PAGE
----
Moreover, it is discovery of the defective condition, not discovery of damage, which triggers commencement of the two-year limitation period. Relying on the general rules that a cause of action accrues when some damage occurs as the result of negligence and that the statute of limitations runs despite the victim's ignorance of his cause, the trial court ruled that plaintiffs' awareness of the presence of standing water was sufficient to commence the running of the two-year limitation period. The trial court opined, "That plaintiffs may not have realized that they had a claim against defendants at this time is immaterial." We have since expressly held that it is discovery of the defective and unsafe condition which sets the statutory clock in motion. Bulau v. Hector Plumbing and Heating Co., 402 N.W.2d 528, 531 (Minn. 1987); Ocel v. City of Eagan, 402 N.W.2d 531, 532 (Minn.1987); Frederickson v. Alton M. Johnson Co., 402 N.W.2d 794, 796-97 (Minn.1987). See also Continental Grain Co. v. Fegles Const. Co., Inc., 480 F.2d 793 (8th Cir.1973).
Depending on the perspective of the aggrieved party, discovery of a defective and unsafe condition may be simultaneous with or follow closely on the heels of an injurious event or there may be delay between awareness of cosmetic or trifling imperfection and discovery of a defective and unsafe condition. For example, let us assume that the wall of a building collapses three years after substantial completion of construction. For the passerby struck by the falling wall, injury, accrual of the passerby's cause of action, and discovery of the defective and unsafe condition of the wall occur simultaneously. For the owner of the building, discovery of the defective condition of the wall comes no later than its collapse. The owner may, however, have discovered the defective and unsafe condition of the wall six months earlier when a consultant advised the owner of the imminent *497 danger of collapse. Or it may be that in the exercise of reasonable diligence the owner should have discovered prior to its collapse that the crumbling plaster and the seepage of rainwater or the bowing of the wall signified something more than a minor or cosmetic defect. While it is true that the major physical damage to the building occurred when the wall collapsed, it is apparent that the owner could have maintained an action against a negligent designer, material supplier, or builder for damages by reason of the diminution in the market value of the building by reason of its defective and unsafe condition. In short, the owner's cause of action accrued no later than the substantial completion of construction when the 15 year (now 10 year) limitation period began to run, while the second tier limitation, the two-year period, began to run when the owner discoved or should have discovered the defective condition.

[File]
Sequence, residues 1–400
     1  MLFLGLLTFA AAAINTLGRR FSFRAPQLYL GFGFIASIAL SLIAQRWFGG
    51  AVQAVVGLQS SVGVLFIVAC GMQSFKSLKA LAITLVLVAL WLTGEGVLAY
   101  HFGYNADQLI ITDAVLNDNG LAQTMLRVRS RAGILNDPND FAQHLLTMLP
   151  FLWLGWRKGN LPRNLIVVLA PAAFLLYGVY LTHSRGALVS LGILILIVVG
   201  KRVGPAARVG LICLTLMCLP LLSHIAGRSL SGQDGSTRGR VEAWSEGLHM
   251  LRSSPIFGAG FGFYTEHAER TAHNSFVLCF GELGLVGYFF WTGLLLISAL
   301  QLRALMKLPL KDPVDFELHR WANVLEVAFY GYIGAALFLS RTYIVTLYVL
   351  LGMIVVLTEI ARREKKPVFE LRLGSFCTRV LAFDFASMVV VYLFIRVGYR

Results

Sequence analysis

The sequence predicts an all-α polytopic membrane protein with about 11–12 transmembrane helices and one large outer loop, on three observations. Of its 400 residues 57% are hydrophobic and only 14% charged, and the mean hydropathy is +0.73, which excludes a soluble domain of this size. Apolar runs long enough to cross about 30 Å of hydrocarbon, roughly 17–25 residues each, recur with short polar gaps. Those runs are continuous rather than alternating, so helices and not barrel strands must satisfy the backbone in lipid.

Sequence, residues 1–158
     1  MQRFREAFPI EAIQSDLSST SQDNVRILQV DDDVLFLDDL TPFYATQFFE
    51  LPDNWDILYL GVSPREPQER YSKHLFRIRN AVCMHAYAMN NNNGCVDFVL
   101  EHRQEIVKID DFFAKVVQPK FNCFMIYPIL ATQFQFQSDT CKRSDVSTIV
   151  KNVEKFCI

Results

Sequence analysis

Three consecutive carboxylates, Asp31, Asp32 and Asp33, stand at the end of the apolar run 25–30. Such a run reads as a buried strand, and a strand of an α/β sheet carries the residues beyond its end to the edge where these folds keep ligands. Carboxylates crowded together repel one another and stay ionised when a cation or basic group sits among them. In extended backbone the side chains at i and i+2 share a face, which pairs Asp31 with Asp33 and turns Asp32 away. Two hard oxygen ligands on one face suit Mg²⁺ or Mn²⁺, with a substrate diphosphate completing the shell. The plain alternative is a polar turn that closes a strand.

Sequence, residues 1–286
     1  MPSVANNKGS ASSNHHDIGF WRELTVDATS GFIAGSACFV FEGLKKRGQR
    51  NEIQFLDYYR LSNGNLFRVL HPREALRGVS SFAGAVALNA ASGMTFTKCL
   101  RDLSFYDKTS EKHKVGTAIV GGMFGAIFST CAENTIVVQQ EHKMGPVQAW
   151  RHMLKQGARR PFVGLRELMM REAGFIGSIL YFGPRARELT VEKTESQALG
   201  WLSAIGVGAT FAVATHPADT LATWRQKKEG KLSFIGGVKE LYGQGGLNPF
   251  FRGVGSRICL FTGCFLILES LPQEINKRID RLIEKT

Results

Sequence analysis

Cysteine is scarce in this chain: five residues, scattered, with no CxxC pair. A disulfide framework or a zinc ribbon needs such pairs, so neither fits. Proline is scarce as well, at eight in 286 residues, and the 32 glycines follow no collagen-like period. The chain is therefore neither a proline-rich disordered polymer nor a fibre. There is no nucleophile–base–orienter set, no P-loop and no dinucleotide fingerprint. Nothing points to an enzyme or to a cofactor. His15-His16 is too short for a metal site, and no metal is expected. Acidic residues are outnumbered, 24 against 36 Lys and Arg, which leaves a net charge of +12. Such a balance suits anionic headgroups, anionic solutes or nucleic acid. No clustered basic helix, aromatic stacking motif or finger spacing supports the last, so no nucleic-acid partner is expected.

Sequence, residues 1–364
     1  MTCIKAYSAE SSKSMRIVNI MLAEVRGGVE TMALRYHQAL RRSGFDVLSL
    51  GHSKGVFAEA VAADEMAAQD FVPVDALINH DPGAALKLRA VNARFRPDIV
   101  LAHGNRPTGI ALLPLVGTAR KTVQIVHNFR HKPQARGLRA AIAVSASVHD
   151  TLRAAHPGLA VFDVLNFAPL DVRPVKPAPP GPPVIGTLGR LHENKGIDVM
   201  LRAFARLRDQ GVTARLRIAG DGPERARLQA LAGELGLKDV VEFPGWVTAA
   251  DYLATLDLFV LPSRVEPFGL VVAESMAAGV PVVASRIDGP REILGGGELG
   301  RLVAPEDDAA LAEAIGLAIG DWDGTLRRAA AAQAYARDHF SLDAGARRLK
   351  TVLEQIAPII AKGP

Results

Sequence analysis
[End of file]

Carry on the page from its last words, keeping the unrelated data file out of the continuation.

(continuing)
The two limitation periods provided by section 541.051 pose quite different problems with respect to ascertaining the time at which each begins to run. The commencement of the 15 year (now 10 year) limitation is straightforward: Except where fraud is involved it begins to run at substantial completion of construction and the[d]ate of substantial completion shall be determined by the date when construction is sufficiently completed so that the owner or the owner's representative can occupy or use the improvement for the intended purpose.
Minn.Stat. § 541.051, subd. 1 (1984). As is apparent from the foregoing hypothetical, fixing the date on which the two year limitation commences is rather more problematical. When a third party is injured in a sudden, unexpected mishap arising out of the defective and unsafe condition, a serious dispute over the time of discovery is unlikely, and the commencement of the two-year limitation can ordinarily be decided as a matter of law. Similarly, when sudden, calamitous damage arises out of a hidden defect, the date of the owner's discovery may be a matter for summary disposition. But if reasonable minds may differ about the time of discovery or when the defective and unsafe condition should have been discovered in the exercise of reasonable diligence, the question is one for the trier of fact.